When Warren Buffett talks, investors should listen -- especially when what he says echoes the sentiments of other investing legends like John Bogle and Burton Malkiel, as well as vast reams of academic research: If you try to pick stocks or mutual funds, you will probably not beat the market, especially after expenses. Therefore, your best bet for the long-term is low cost index funds, which are designed to track the performance of indices, such as the Dow or the Wilshire 5000.
At the Berkshire Hathaway (NYSE: BRK.A) annual meeting, Warren Buffet once again expressed his support for passive investing, saying that "A very low-cost index is going to beat a majority of the amateur-managed money or professionally-managed money...The gross performance may be reasonably decent, but the fees will eat up a significant percentage of the returns," he said. "You'll pay lots of fees to people who do well, and lots of fees to people who do not do so well." He even conceded that he would be "amazed" if Berkshire Hathaway's portfolio outperforms the S&P 500 by more than few points, given its size.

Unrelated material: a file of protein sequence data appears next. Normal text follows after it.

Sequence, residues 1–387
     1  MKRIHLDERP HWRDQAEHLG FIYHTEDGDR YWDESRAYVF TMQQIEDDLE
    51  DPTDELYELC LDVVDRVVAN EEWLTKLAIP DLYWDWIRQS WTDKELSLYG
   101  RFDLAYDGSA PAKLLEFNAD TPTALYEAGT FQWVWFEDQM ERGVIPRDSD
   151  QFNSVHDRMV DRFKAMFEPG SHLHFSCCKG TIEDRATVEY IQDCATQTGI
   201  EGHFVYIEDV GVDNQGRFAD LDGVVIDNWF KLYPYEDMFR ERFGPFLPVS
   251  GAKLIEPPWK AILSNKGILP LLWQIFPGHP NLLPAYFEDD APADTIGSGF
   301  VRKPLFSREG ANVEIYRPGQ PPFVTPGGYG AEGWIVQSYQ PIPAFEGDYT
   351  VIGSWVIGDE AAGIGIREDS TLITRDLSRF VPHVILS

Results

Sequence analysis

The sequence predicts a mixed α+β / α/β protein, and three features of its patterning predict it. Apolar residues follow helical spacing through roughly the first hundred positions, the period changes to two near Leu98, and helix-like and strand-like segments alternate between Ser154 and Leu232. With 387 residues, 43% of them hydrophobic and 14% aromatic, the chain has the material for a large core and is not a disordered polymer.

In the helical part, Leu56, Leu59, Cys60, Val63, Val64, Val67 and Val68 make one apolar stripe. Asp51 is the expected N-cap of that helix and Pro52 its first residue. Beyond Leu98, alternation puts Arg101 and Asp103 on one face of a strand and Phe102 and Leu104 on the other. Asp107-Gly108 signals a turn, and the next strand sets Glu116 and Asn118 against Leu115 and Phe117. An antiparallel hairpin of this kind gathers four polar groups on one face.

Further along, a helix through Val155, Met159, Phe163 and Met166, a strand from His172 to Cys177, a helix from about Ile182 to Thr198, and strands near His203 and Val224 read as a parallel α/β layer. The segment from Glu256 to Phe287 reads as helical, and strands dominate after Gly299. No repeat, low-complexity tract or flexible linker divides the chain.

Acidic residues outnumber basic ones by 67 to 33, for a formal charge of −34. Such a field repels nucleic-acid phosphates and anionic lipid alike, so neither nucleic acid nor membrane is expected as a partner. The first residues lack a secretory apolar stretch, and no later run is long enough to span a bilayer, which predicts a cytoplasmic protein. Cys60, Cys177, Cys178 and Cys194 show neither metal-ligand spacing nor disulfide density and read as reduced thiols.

I agree wholeheartedly with Buffett's ideas. There is simply no reason for most investors to buy actively managed mutual funds. On a governance level, his statement about paying lots of fees to managers who don't perform well may strike at the root of the mutual fund problem: They are compensated for gathering assets, not performing well. Given a choice between staying small and doing well or growing large and doing not so well, the choice is obvious for most fund managers: Grow big because the expense ratio is based on assets under management rather than earnings.
The compensation system makes no sense: Why should someone be paid more for underperforming with 100 million in assets than outperforming with 50 million in assets? But until that changes, mutual funds will continue to focus on asset gathering at the expense of shareholder returns. And that's one good reason to stick with index funds.